In the same way a child picks up their parents’ mannerisms, viewers of pornography pick up the mannerisms of the people who engage in the pornography.

“Pornography does not just bounce off of your eyes and doesn’t affect you long-term. It is priming you to do things that you might not have ever thought to do in the future because you’d never seen them before,” Dr. Struthers noted.

Unfortunately, pornography becomes a form of sex education.

The surge of hormones is like a flash flood carving pathways in the brain, a pathway that becomes easier to trod the next time. “You keep viewing the pornography and you keep sexually acting out in this way that serves to make the path deeper and well worn. That spiral of addiction will get deepened every time you pass down it.”

Hope for change

Dr. Struthers says it is possible to reverse the destructive cycle. “If you can find a healthy outlet that you begin to have as the alternative path that does not lead you to sin, that’s what you need to be thinking about.

If one can establish virtuous patterns of behavior, and repeat them over and over until they become habits, the circuit of depravity can become a circuit of virtue.

While the brain can be exploited, it is also an organ that can be exercised in a virtuous way to arrive at a place of significant victory over sin.

People often fall into the trap of porn addiction because of a desire for intimacy, but they end up with a false form of meeting that need. “We have to work with the history of that brain and how it got to that place,” he said.

Dr. Struthers recommends prayer, reading Scripture, listening to worship music — and avoiding pornography. “Let the moss grow over that path, let that circuit become less efficient by not activating it regularly, and replace it with something else.”

“A real major factor is whether the person really does want to change. You’re going to go through withdrawal and you just have to understand that and accept that. There will be a detox period where you’re going to feel that need very powerfully.

“Most addiction researchers will tell you that the person’s desire to quit and the social support they have is going to be crucial. The body of Christ has to come around the person.”

Hiding in the shadows due to shame doesn’t help. “This needs to be brought to the light and other people need to come around them if they are to really have any significant chance. There may be some people God may come in in a supernatural way and deliver them instantaneously but I would say that’s not the way that God usually works.”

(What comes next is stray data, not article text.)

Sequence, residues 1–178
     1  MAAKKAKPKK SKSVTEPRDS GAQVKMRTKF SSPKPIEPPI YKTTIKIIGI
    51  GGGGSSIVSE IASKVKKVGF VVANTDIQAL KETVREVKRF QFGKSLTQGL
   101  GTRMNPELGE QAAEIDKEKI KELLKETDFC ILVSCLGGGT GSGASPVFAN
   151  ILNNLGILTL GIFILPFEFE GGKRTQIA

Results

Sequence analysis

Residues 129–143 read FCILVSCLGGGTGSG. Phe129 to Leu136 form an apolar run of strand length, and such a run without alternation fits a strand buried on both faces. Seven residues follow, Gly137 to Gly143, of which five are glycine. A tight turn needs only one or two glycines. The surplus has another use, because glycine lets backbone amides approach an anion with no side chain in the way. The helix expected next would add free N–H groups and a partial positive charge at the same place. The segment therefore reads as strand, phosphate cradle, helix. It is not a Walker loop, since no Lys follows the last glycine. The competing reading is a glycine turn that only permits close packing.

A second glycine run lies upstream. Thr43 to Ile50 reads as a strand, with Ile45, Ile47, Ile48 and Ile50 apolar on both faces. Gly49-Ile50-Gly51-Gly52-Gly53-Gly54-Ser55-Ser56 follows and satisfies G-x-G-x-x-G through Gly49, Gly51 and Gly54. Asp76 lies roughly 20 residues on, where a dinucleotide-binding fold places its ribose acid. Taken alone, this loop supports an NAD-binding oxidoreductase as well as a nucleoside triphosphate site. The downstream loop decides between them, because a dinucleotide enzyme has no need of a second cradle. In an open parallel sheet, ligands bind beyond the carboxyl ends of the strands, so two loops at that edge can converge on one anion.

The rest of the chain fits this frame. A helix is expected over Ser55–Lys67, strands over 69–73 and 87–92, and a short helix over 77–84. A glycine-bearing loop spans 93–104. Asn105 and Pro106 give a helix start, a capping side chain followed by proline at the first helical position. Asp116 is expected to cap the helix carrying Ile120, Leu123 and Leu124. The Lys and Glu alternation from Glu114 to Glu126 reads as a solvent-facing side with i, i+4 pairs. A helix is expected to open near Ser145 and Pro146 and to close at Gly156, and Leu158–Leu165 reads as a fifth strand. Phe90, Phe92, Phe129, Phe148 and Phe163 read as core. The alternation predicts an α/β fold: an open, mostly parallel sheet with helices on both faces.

“We need each other in this process.”


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  1. Very important article. More needs to be done to explore the options for Christian men to get help and break from porn. It is not enough to explore the dangers. This article is important because it explores the neuro-physiology of addiction. Pure Passion has support groups for such men, and there are others. But it seems to me that we need more talk, not just about the dangers, but the methods of escape from the clutches of addiction. How about an article on Kirk Franklin, who came clean a few years ago about his porn habits, which were born of a broken childhood?

  2. The emphasis on neuro-chemical explanations, brain wiring and socio-cultural causes seems to be the scientific rational way to explain and indeed overcome “bad” addictions. However the article does not consider that “addiction” per se may be a fact of life and survival. It does not go to the root cause of these addictions, which I believe is the societal breakdown of families due to their inability to cope either mentally, spiritually or even financially, with a rapidly changing environment caused by disruptive technologies, politics and globalization. This is resulting in some form of a communal collapse of the large parts of mainstream Western societies, akin to the destruction of indigenous tribes worldwide. In my view, much of the bad addictions are nothing more than coping mechanisms of people facing alienation in an increasingly dysfunctional society.